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Family of five escapes carbon monoxide poisoning

Five family members, including four young children, were treated for carbon monoxide poisoning after being found in a home with high CO levels on Friday morning.

The Cloquet Area Fire District reported that crews responded to the home in the 600 block of Chestnut Street on a report of multiple people feeling ill. The five people in the home were evacuated and transported to a hospital for observation; two other family members who had already left the home also sought treatment.

Fire crews remained at the scene to ventilate the house so repair work could be done on the heating system. There were no carbon monoxide detectors in the home, authorities said, but they were working with the family to get them installed.

About 230 people die each year from CO poisoning related to fuel-burning household appliances.

Carbon monoxide is a colorless, odorless and tasteless gas that can be fatal when inhaled. Symptoms of carbon monoxide poisoning include headache, fatigue, weakness, shortness of breath and nausea, which are sometimes dismissed as a “touch of the flu.” Don’t be fooled — get to fresh air. If you feel better once you leave the house, do not go back inside, call the fire department.

In many cases of CO poisoning victims are aware they are not well but they become so disoriented they are unable to save themselves by either exiting the building or calling for assistance. Young children and household pets may be the first affected.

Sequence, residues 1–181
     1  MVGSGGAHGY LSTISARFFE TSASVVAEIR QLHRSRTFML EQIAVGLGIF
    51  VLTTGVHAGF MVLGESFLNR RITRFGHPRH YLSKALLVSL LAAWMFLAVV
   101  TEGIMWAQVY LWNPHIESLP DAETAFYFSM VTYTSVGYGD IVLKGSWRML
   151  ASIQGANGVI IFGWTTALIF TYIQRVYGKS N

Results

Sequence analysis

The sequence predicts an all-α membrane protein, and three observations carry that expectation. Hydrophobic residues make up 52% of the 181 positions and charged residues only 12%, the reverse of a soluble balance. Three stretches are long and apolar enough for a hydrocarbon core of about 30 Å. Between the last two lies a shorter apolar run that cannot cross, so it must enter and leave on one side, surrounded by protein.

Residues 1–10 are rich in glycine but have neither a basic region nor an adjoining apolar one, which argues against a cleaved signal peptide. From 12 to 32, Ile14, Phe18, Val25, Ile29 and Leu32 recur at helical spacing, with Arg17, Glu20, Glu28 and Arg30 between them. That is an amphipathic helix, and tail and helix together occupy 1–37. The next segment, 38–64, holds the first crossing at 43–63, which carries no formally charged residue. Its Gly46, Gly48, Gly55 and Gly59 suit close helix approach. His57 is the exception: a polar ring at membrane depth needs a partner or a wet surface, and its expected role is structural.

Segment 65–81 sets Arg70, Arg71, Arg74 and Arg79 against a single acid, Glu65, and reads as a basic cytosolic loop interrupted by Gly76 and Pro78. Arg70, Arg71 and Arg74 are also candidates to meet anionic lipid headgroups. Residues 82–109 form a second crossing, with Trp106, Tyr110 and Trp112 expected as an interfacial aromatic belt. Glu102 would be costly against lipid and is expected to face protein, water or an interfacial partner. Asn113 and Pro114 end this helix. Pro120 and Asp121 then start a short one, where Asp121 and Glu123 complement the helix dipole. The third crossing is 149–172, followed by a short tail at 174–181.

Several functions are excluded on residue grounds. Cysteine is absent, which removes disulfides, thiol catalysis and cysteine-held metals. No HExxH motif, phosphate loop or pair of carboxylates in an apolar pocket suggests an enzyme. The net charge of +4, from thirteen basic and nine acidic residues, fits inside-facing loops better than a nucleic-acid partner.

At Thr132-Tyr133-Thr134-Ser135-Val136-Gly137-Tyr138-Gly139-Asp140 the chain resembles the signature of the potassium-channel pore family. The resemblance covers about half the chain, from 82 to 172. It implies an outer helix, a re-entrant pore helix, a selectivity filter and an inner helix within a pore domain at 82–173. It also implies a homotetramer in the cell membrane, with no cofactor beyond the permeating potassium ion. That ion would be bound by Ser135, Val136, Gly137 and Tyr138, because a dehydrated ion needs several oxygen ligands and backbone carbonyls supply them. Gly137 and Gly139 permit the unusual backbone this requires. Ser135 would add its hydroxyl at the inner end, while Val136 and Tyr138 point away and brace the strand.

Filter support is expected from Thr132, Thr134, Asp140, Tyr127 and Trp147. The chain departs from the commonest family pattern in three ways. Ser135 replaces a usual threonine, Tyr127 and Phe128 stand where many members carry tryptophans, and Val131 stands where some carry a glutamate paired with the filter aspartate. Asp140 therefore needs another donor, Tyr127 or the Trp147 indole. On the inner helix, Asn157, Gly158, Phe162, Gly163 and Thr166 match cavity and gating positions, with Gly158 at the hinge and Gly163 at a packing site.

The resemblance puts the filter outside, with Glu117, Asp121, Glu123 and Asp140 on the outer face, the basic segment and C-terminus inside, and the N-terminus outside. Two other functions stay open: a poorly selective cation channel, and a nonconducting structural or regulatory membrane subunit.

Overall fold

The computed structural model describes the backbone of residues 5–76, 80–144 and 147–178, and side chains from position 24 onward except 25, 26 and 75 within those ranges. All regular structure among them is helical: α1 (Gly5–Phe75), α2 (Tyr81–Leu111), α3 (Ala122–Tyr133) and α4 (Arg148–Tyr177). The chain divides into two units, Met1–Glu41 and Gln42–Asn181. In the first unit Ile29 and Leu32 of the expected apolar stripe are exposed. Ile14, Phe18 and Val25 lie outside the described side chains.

According to the Kidde company, which manufactures CO detectors, CO can be produced by any fuel-burning appliance that is malfunctioning, improperly installed or not ventilated correctly, such as automobiles, furnaces, gas ranges/stoves, gas clothes dryers, water heaters, portable fuel burning space heaters and generators, fireplaces, wood-burning stoves and certain swimming pool heaters. It can also be produced by burning charcoal or fuel in grills and hibachis in an enclosed area.

Some of the conditions that could produce carbon monoxide , according to Kidde, include: negative pressure resulting from the use of exhaust fans, simultaneous operation of several fuel-burning appliances competing for limited internal air, vent pipe connections vibrating loose from clothes dryers, furnaces or water heaters, obstructions or unconventional vent pipe designs, extended operation of a fuel-burning device, temperature inversions which can trap exhaust gases near the ground or a vehicle idling in an attached garage or near the home.

Carbon monoxide is a cumulative poison, so long-term exposure to low levels can cause symptoms much the same as short-term exposure to high levels.

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